Domain registries manage all top-level domains (except sponsored TLDs). There are numerous registries for global domains like .com managed by organizations such as ICANN and country-specific or community/vertical-specific registries. 

These registries then enter agreements with registrars like Okens to sell domain names to users worldwide. A registrar like Okens will typically manage the domain on your behalf, dealing with records, renewals, transfers, etc., while providing guidance and expertise on confidentiality and privacy.

At Okens, we take pride in our global reach, working with registries worldwide and many community-led TLD registries. This allows us to assist you globally and provide the most vertical/community-specific TLDs. 

Our focus on B2B means that we aim to provide you with the best possible service by offering advice and help from a human representative, ensuring that your needs are met with the best care and attention.

Don’t Let Your Domains Turn Into The Texas Chainsaw Massacre

👹 👻 It’s Halloween, and no one should have to face a Texas Chain Saw Massacre in their brand’s domain. Cyber or typosquatting is a real threat that every company must be prepared to face. Don’t be fooled into thinking you’re safe from it. Horror stories can happen to anyone, even from something that happens closer to the beast – your own backyard.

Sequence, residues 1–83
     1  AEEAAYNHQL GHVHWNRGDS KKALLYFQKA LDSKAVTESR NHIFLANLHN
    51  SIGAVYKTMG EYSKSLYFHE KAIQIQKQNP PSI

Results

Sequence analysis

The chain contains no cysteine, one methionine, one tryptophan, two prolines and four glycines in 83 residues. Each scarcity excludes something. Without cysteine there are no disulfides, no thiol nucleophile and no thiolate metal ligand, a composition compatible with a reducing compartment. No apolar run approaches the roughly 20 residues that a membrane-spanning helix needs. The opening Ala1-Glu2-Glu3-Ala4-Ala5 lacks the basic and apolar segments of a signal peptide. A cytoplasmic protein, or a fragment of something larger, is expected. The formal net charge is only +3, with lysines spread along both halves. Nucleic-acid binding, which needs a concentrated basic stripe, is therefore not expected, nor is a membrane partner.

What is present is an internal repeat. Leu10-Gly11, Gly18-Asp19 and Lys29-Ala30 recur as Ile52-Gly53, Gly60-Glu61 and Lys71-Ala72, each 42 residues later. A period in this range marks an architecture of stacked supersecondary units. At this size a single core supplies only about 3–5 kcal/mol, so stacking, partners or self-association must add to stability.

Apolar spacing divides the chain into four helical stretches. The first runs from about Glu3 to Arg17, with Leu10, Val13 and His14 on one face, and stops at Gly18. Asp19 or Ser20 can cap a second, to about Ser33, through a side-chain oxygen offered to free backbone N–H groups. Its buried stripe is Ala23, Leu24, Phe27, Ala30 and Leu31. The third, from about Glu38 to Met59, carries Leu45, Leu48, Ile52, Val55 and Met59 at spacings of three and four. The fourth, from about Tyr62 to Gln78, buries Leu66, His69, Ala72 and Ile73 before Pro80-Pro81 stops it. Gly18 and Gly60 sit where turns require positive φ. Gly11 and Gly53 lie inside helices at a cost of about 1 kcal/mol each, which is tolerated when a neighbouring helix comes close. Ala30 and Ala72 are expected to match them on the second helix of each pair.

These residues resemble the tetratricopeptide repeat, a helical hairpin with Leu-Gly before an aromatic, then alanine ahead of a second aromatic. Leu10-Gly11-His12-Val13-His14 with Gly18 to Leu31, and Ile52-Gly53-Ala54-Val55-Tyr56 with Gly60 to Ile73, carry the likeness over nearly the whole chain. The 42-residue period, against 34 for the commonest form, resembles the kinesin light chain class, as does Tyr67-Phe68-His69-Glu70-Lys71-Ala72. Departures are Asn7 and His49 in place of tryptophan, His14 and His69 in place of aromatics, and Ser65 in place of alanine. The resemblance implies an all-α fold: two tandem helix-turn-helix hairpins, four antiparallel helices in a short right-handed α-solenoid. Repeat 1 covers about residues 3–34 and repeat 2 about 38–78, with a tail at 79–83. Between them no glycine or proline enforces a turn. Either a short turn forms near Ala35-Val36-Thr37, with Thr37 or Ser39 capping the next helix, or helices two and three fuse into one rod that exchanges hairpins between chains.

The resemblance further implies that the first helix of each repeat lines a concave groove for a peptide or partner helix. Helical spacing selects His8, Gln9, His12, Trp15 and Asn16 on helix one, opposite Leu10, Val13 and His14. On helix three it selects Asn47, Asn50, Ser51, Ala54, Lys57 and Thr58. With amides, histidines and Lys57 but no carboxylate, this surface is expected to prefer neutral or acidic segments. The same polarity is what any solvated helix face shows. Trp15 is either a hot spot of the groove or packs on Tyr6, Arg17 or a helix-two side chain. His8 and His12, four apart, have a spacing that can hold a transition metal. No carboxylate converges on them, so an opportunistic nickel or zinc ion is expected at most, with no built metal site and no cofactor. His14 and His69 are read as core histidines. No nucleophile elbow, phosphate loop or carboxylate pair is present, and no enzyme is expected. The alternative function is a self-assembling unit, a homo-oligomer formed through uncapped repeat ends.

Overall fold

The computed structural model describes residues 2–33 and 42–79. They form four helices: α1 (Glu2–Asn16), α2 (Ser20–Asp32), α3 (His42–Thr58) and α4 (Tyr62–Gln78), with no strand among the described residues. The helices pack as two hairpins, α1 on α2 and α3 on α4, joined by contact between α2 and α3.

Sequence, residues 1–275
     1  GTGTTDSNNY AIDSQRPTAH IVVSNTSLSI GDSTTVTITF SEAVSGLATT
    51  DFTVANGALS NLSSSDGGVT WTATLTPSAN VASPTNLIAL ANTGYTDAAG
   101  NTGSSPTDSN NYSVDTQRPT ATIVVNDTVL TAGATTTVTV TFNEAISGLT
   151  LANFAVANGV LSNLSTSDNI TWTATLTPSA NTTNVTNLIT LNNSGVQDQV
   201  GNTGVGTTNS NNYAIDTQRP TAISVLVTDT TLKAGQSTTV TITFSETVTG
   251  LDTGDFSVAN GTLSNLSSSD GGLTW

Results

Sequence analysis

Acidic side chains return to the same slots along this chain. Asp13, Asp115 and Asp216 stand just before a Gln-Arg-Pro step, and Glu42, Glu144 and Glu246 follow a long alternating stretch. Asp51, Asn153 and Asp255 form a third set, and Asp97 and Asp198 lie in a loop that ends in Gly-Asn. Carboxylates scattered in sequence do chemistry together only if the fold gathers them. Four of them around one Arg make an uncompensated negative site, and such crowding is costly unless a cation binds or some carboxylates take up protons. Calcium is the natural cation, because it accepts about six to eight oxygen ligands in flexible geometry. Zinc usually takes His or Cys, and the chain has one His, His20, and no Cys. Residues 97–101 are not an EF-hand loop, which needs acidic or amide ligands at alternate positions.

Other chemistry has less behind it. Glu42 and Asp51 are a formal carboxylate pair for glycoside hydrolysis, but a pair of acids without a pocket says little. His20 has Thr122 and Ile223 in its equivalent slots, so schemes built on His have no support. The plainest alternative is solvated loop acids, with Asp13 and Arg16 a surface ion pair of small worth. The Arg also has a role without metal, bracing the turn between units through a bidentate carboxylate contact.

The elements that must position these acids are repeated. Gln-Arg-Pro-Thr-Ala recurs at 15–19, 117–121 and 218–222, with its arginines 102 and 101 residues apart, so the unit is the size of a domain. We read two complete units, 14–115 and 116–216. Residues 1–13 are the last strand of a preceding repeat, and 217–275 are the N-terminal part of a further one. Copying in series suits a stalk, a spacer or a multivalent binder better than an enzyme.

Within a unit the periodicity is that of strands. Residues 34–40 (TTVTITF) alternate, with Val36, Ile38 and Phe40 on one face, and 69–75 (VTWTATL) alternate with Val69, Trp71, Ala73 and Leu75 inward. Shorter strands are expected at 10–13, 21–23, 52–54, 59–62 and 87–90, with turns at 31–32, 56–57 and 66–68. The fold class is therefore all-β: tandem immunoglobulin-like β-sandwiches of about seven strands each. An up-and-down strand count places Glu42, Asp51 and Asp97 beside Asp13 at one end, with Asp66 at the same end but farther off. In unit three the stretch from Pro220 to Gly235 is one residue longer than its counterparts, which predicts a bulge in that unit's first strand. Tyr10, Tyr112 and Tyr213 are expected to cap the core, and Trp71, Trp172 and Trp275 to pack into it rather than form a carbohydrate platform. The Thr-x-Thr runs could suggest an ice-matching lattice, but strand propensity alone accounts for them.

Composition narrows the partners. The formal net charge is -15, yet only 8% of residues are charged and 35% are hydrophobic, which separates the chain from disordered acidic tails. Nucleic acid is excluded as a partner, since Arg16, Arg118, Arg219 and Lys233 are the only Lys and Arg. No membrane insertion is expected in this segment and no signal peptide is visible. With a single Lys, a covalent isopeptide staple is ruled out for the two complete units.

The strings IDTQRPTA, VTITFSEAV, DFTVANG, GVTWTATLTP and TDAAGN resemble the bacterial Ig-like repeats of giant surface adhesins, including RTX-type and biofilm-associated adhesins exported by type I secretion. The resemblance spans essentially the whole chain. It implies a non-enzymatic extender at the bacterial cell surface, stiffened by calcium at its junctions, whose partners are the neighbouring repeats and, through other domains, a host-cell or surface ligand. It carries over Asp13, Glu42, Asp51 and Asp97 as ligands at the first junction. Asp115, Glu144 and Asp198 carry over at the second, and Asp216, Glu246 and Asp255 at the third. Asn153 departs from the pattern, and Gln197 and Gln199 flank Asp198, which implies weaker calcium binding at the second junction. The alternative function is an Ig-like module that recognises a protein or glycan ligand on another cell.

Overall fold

Domain mistakes can damage your reputation and revenues. There might be 13 Halloween 🎃movies in the franchise, but here are six screams to watch out for when you register your domain. Give Okens.domains a call to avoid all these and survive another night.

1. Always proofread the domain name before you register or publicize it
2. Always research who else owns matching TLDs
3. Don’t publish your URL before you have registered a domain name
4. Don’t let your critical domain names expire
5. Be careful who you share your plans with
6. Always understand TLD restrictions

Photo by Sabina Music Rich on Unsplash

domain

Best Practices To Manage Domains

As a part of our OI blog best practice series, we bring you the first in a series of articles about ways you can manage your domain strategically and efficiently. Establishing a few best practices is a great way to ensure your domains aren’t hijacked, expired, or cyber squatted.

Here are three domain management practices that can help minimise domain risk and ensure domain dominance.

More…
create a custom domain like a rockstar

So, You Want To Make A Custom Domain Like Will.i.am?

Will.i.am, the multi-talented Black-Eyed Peas artist, has not only created a brand with his name but also a domain that represents his identity and what he stands for. His success inspires us to learn from his experience and follow in his footsteps. Here are four amazing tips to do it like a pro and create a successful brand.
More…

Domain Renewal

Renew It Or Lose It